Princeton University, Gordon Y.S. Wu Professor of Engineering, Emeritus; Professor of Civil and Environmental Engineering, Emeritus; Lecturer with the rank of Professor in Civil and Environmental Engineering
Personal and Professional Recollections of Fazlur Khan
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Friday, September 9th, 2011 – 4:30 pm
Location: Princeton University, Olden Street, Princeton, NJ – Friend Center Auditorium 101
Reception & Exhibit: 5:45 pm – 6:30 pm – Friend Center Lobby & Library
This Distinguished Lecture is Organized by Professors Maria Moreyra Garlock and Sigrid Adriaenssens, Princeton University
David Billington – Princeton University, Gordon Y.S. Wu Professor of Engineering, Emeritus; Professor of Civil and Environmental Engineering, Emeritus; Lecturer with the rank of Professor in Civil and Environmental Engineering: David Billington graduated from Princeton University in 1950 with a degree in basic engineering. He then won a Fulbright Fellowship and spent two years in Belgium to study post-war innovations in bridge and prestressed concrete structural design.
He began in 1952 to work as a designer of structures for Roberts and Schaeffer Company, consulting engineers in New York City. In 1958 he began lecturing at Princeton University. He was a lecturer for two years before officially joining the faculty in 1960. He has remained on the Princeton faculty ever since.
David Billington has won many prestigious awards and honors, such as Dexter Prize for the best book in 1979 from the Society for the History of Techonology for Robert Maillart’s Bridges; in 1985, he was elected to the Executive Council of the Society for the History of Technology; in 1986, he was elected to the National Academy of Engineering, and the History and Heritage Award from the ASCE. He has served as an Andrew D. White Professor-at-large at Cornell University from 1987-1993. In 1990, he received the Dana Award for Pioneering Achievements in Education.
The Carnegie Foundation for the Advancement of Teaching named him New Jersey Professor of the Year in 1995 and he was named one of five top educators in Civil Engineering since 1874 by the Engineering News Record in 1999. In 1998 he was elected as Fellow of the American Academy of Arts and Sciences. In 1999, he was elected Honorary Member of the ASCE.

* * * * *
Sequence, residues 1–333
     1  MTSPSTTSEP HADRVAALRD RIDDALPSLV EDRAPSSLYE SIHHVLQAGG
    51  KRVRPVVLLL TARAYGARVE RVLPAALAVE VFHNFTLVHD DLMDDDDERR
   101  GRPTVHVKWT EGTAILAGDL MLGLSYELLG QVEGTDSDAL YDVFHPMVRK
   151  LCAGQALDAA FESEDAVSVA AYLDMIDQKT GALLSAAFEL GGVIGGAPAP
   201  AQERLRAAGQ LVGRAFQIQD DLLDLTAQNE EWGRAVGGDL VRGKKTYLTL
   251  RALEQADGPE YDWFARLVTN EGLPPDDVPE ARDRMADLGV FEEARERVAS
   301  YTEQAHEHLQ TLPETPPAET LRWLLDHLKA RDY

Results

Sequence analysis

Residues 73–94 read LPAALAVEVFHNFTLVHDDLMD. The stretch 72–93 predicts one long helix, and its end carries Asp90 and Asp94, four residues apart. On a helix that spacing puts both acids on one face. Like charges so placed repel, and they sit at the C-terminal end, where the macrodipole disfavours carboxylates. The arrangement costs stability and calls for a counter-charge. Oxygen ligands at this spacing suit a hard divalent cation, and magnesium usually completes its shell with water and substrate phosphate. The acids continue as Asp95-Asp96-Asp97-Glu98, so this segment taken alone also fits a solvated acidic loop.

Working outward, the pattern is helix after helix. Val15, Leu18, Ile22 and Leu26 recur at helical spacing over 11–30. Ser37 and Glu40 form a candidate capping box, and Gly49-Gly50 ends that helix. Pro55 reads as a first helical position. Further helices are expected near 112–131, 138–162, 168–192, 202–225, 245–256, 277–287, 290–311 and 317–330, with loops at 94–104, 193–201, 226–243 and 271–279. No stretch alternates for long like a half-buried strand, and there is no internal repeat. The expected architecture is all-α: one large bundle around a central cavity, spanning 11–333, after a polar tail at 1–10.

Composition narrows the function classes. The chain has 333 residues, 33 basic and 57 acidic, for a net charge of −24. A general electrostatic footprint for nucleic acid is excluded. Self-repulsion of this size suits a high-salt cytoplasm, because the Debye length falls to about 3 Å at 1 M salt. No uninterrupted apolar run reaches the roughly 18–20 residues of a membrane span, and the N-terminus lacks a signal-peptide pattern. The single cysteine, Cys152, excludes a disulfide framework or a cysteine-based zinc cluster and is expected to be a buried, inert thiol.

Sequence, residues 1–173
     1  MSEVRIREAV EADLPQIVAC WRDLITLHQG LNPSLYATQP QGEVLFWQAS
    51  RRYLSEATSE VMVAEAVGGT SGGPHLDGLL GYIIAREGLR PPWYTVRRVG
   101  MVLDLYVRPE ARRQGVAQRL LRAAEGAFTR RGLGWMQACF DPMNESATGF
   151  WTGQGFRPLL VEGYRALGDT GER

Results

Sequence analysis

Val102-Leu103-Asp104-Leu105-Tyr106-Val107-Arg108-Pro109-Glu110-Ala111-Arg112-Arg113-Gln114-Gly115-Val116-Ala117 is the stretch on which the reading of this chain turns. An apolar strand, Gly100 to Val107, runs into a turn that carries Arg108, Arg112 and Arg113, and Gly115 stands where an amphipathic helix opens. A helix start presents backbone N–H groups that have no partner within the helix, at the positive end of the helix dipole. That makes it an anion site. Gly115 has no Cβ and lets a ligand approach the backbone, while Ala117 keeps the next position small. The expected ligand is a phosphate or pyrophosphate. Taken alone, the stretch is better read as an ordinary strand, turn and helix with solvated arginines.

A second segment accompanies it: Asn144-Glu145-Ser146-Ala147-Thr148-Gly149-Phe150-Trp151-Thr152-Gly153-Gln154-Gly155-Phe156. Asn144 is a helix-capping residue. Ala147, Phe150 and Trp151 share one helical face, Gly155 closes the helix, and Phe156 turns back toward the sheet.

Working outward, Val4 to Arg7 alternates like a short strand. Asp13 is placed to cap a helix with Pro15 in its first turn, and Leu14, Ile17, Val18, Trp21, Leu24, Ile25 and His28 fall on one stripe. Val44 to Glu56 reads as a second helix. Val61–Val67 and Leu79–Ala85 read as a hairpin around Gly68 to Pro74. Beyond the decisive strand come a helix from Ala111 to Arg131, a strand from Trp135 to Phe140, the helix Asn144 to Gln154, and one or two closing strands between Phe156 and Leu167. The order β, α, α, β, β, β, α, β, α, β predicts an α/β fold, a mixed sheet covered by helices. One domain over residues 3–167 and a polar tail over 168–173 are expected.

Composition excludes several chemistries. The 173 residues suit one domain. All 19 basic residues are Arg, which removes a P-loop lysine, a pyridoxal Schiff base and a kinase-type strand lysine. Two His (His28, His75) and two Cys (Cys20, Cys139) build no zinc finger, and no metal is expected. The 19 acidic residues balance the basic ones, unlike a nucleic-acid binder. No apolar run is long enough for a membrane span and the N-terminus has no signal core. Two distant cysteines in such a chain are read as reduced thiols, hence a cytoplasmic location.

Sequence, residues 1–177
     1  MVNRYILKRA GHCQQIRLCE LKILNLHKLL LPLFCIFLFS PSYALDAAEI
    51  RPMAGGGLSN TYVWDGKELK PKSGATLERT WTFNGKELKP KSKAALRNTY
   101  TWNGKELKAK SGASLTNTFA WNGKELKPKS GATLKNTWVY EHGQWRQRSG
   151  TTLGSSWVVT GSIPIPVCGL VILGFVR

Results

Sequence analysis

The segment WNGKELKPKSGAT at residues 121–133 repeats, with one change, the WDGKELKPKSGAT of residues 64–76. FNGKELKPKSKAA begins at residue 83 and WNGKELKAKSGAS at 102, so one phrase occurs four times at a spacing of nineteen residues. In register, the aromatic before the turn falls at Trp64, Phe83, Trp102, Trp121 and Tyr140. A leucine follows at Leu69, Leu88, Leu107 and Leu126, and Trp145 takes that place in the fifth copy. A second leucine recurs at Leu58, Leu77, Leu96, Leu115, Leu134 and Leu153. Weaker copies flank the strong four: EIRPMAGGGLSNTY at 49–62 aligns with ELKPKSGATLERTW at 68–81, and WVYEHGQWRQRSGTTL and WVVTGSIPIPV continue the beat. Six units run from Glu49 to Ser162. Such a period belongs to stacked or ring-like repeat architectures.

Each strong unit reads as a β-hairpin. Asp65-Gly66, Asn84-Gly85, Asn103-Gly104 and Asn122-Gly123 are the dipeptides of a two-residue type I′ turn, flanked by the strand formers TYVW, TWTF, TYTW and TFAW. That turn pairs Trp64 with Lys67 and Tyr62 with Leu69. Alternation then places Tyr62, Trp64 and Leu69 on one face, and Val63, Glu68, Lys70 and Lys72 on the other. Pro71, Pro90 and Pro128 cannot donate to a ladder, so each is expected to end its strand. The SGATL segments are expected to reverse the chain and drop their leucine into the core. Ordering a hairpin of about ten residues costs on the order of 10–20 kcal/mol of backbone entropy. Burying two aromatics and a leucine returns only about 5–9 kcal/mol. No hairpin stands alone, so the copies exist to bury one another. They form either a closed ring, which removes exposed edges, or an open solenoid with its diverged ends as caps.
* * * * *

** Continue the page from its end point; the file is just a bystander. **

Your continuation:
He holds an Honorary Doctorate in Humane Letters from Union College (1990), an Honorary Doctorate of Science from Grinnell College (1991), and an Honorary Doctorate of Engineering from Notre Dame University (1997). He was the 2003 recipient of the Director’s Award for Distinguished Teaching Scholars. The Director’s Award is the highest honor bestowed by the National Science Foundation for excellence in both teaching and research in science, mathematics, engineering, and technology.
In 2006 David Billington was named the Walter L. Robb Senior Engineering Education Fellow of the National Academy of Engineering and in 2008 he was awarded the Distinguished Award of Merit from the American Council of Engineering Companies. His research includes design and rehabilitation of bridges, thin shell concrete structures, tall buildings, and concrete dams; detailed studies of the major structural engineers such as Robert Maillart, Felix Candela, Eugene Freyssinet, Gustav Eiffel, Othmar Ammann, Anton Tedesko, Fazler Khan, Heinz Isler, and Christian Menn; and the history and aesthetics of structures and the transformation of American society by engineering. He has also been involved in curating exhibitions in the Princeton University Art Museum, and the study of Politics and Engineering of Large-Scale Dams.
Personal and Professional Recollections of Fazlur Khan: In 1961 searching for a new structures appointment at Princeton, I phoned Chester Siess for his best student. He responded “Fazlur Khan” so I called him but he preferred design to teaching. In the late 1960’s two submitted papers of mine on aesthetics of structures were harshly critiqued and turned down. I later learned that the critic was Fazlur Khan (he was correct in his review). Finally in 1971 I met him and invited him to Princeton where he lectured on April 11, 1972. He told me of his deep interest in Robert Maillart’s structures and agreed to write a paper comparing Maillart’s bridges to his own buildings for our Maillart conference. Khan’s elegant presentation together with those of Christian Menn and Felix Candela convinced me of a tradition in structural art.
Khan returned to Princeton several more times, one of those being only a few weeks before he died. This presentation will present such personal and professional recollections of Fazlur Khan, who became a good friend and colleague of mine through these experiences and others that I will share. I will also reflect on the influence Khan had on others as discussed in a memorial session that Myron Goldsmith and I organized at the ASCE October 1983 convention in Houston (which led us to edit a book devoted to Khan and published by the Council of Tall Buildings and Urban Habitat at Lehigh in 1986).
The Fazlur R. Khan Distinguished Lecture Series has been initiated and organized by Dan M. Frangopol, the first holder of Lehigh's Fazlur Rahman Khan Endowed Chair of Structural Engineering and Architecture.